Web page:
• Thin walls can be ruptured (e.g., when inserting catheters)
nerves of the perineum
pudendal nerve (S2-S4); branches into inferior rectal nerves, perineal nerves, dorsal nerve of penis or clitoris
pudendal nerve
(S2-S4)
o Leaves the pelvic cavity through the greater sciatic foramen, inferior to piriformis, courses around the ischial spine, and enters the perineum through the lesser sciatic foramen
o After passing through the lesser sciatic foramen, the pudendal nerve enters the pudendal (Alcock) canal on the lateral wall of the ischioanal fossa
pudendal nerve block
can be performed to anesthetize the perineum; the needle is directed towards the ischial spine
inferior rectal nerves
• branch of pudendal nerve
• Course medially across the ischioanal fossa
• Innervate the external anal sphincter and the skin of the anal triangle
perineal nerves
Innervate the muscles and skin of the UG triangle
dorsal nerve of penis or clitoris
Innervates skin of the penis/clitoris, particularly the glans
internal pudendal artery
o Primary source of blood to the perineum
o Branch of the internal iliac artery
o Accompanies the pudendal nerve (leaves the pelvis through the greater sciatic foramen, inferior to piriformis, courses around the ischial spine, passes through the lesser sciatic foramen and enters the pudendal canal)
branches of pudendal artery
• Inferior rectal artery
• Perineal arteries
• Dorsal artery of the penis or clitoris
• Deep artery of the penis or clitoris
veins of perineum
accompany the arteries and share the same names
o Exceptions: superficial and deep dorsal veins of the penis
lymphatic drainage of perineum
o Deep perineal tissues > lymphatic vessels accompany the internal pudendal vessels and drain into internal iliac nodes
o Superficial perineal tissues > lymphatic vessels drain to the superficial inguinal nodes
o Remember: lymph from the testes drains to the lumbar nodes (alongside the abdominal aorta)
divisions of the lower extremity
- The lower extremity includes the gluteal region and all structures inferior to it
- Divisions of the lower extremity:
o Gluteal region
o Thigh (hip to knee)
o Popliteal fossa (posterior aspect of knee)
o Leg (knee to ankle)
o Foot (dorsal and plantar aspects)
bones of the lower extremity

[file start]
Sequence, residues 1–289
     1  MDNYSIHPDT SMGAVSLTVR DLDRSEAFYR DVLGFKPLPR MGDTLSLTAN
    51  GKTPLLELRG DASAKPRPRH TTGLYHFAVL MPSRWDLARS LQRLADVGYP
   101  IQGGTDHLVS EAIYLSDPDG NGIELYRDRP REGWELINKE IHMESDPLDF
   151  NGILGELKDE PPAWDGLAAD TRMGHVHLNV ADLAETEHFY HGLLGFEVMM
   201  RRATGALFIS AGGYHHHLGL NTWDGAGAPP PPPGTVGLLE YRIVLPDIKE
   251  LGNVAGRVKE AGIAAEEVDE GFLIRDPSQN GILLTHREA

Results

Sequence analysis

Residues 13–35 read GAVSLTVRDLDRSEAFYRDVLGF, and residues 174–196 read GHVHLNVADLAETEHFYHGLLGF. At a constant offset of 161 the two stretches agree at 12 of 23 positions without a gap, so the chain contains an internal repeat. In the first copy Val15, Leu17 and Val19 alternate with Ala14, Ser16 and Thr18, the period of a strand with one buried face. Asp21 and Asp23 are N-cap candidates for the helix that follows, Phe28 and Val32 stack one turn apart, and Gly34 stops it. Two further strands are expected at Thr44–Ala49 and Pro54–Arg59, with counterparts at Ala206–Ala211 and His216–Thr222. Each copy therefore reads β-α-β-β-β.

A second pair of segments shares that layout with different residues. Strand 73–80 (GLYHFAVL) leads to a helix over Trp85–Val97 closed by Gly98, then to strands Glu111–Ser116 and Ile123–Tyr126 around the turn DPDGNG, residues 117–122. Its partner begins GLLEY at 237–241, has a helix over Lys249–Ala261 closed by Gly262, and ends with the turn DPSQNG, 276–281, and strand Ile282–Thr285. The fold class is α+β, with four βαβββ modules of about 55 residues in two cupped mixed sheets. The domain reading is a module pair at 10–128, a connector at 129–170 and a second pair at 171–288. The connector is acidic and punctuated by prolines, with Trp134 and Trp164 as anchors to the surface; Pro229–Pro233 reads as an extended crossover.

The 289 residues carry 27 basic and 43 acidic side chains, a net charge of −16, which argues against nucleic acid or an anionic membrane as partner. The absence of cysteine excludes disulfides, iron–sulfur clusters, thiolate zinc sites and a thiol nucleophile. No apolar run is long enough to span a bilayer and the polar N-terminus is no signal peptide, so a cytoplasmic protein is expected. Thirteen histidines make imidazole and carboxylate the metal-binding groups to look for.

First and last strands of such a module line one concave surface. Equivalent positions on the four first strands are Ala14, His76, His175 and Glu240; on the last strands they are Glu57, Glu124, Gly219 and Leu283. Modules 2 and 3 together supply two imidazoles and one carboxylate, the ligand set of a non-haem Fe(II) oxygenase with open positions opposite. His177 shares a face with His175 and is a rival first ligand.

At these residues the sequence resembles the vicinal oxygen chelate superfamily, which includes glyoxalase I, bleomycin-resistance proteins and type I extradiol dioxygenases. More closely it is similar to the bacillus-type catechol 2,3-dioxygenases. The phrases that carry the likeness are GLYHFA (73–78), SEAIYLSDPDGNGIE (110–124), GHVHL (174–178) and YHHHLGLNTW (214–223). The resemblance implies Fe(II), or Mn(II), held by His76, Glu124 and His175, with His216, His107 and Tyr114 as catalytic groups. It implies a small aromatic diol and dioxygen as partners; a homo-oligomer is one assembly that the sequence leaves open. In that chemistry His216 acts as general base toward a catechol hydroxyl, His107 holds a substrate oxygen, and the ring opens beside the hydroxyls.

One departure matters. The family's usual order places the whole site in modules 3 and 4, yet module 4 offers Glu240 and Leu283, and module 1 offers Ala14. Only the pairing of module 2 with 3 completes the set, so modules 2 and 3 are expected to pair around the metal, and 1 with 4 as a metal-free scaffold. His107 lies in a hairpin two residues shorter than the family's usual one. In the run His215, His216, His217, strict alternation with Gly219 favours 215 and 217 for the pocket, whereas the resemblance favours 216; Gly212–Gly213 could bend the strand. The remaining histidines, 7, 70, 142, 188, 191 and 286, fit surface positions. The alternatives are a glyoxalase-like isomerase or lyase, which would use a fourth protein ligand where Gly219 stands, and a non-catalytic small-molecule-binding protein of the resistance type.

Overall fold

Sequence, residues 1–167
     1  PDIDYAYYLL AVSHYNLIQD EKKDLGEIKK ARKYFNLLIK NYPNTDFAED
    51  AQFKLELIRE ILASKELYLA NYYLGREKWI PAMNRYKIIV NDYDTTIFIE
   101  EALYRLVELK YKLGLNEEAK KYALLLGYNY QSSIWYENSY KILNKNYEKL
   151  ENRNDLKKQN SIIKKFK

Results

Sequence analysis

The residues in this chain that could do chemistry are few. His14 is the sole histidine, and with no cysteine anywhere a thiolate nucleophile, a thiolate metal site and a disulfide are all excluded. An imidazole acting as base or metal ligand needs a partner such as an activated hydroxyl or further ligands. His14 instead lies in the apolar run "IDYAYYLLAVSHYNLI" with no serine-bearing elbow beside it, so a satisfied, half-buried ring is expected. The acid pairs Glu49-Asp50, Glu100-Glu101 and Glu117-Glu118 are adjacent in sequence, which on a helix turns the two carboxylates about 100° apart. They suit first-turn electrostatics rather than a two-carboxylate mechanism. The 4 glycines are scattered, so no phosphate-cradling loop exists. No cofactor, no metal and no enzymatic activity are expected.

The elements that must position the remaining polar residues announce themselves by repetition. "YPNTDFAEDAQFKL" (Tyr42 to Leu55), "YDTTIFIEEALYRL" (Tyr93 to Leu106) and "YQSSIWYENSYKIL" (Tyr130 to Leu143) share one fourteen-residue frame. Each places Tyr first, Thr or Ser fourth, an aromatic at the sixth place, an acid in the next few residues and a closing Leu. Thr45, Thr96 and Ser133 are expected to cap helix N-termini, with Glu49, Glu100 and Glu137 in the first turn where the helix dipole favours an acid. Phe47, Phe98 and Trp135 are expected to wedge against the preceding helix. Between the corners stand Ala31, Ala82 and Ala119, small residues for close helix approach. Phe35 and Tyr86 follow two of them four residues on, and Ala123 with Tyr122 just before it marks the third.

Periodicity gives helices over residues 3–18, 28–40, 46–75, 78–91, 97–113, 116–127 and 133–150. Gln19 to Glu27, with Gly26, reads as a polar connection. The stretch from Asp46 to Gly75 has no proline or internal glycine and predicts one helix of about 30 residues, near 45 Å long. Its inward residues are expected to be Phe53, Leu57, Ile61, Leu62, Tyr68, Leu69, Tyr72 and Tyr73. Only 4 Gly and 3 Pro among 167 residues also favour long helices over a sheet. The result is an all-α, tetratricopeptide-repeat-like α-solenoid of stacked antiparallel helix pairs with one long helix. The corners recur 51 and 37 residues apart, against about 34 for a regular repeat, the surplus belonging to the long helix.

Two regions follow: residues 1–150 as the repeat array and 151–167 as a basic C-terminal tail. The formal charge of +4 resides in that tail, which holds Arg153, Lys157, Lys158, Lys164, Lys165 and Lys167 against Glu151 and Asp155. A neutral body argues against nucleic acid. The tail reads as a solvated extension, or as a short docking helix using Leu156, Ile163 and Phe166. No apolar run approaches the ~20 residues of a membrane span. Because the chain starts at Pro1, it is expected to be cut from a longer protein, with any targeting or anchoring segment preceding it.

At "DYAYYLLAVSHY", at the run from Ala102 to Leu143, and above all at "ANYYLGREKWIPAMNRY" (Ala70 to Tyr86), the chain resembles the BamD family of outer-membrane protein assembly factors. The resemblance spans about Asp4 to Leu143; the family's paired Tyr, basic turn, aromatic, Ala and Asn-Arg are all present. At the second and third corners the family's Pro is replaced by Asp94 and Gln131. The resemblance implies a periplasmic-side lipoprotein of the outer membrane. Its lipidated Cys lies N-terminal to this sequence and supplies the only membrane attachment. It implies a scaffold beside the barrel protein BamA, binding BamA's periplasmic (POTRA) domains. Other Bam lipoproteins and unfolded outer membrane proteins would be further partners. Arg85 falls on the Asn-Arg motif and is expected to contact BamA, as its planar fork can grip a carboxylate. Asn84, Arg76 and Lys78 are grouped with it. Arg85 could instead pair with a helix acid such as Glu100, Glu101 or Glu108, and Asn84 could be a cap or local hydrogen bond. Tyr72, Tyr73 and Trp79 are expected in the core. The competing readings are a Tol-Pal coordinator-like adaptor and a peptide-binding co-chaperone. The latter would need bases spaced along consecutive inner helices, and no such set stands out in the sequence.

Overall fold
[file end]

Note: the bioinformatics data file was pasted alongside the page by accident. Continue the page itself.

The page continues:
- Bones of the lower extremity: hip bones (see Pelvis I notes), femur, patella, tibia (medial bone of leg), fibula (lateral bone of leg), 7 tarsals (calcaneus, talus, navicular, cuboid, medial, intermediate, and lateral cuneiforms), 5 metatarsals (proximal part is the base, distal part is the head), 14 phalanges (proximal, middle, distal; the hallux (big toe) has a proximal and distal phalanx only)
femur
o Head
o Neck
o Shaft (body) with linea aspera (on posterior surface)
o Medial and lateral femoral condyles (distal)
tibia
o Medial and lateral tibial condyles (proximal)
o Shaft (body)
o Medial malleolus is the distal protuberance on medial side of the ankle
fibula
o Head (proximal protuberance)
o Shaft (body)
o Lateral malleolus is the distal protuberance on lateral side of the ankle
hip joint
o Acetabulum of the hip bone articulates with the femoral head
o Ball and socket synovial joint
o Flexion reduces the angle between the thigh and trunk anteriorly
o Extension increases the angle between the thigh and trunk anteriorly
o Abduction draws the thigh away from the midline of the body
o Adduction draws the thigh towards the midline of the body
o Medial rotation femur rotates medially along its long axis
o Lateral rotation femur rotates laterally along it long axis
knee joint
o Femoral condyles articulate with the tibial condyles
o Hinge synovial joint
o Flexion brings the leg closer to the posterior aspect of the thigh
o Extension draws the leg away from the posterior aspect of the thigh
ankle (talocrural) joint
o Talus articulates with distal tibia and lateral malleolus of the fibula
o Hinge synovial joint
o Dorsiflexion brings the foot closer to the anterior aspect of the leg (directs toes superiorly)
o Plantarflexion draws the foot away from the anterior aspect of the leg (directs toes inferiorly)
subtalar joint
o Synovial joint between the talus and the calcaneus
o Eversion causes the sole to face laterally
o Inversion causes the sole to face medially
metatarsophalangeal (MTP) joints
o Synovial joints between the metatarsals and the proximal phalanges
o Flexion of toes (towards the ground)
o Extension of toes (away from the ground)
o Abduction (movement away from the second digit)
o Adduction (movement towards the second digit)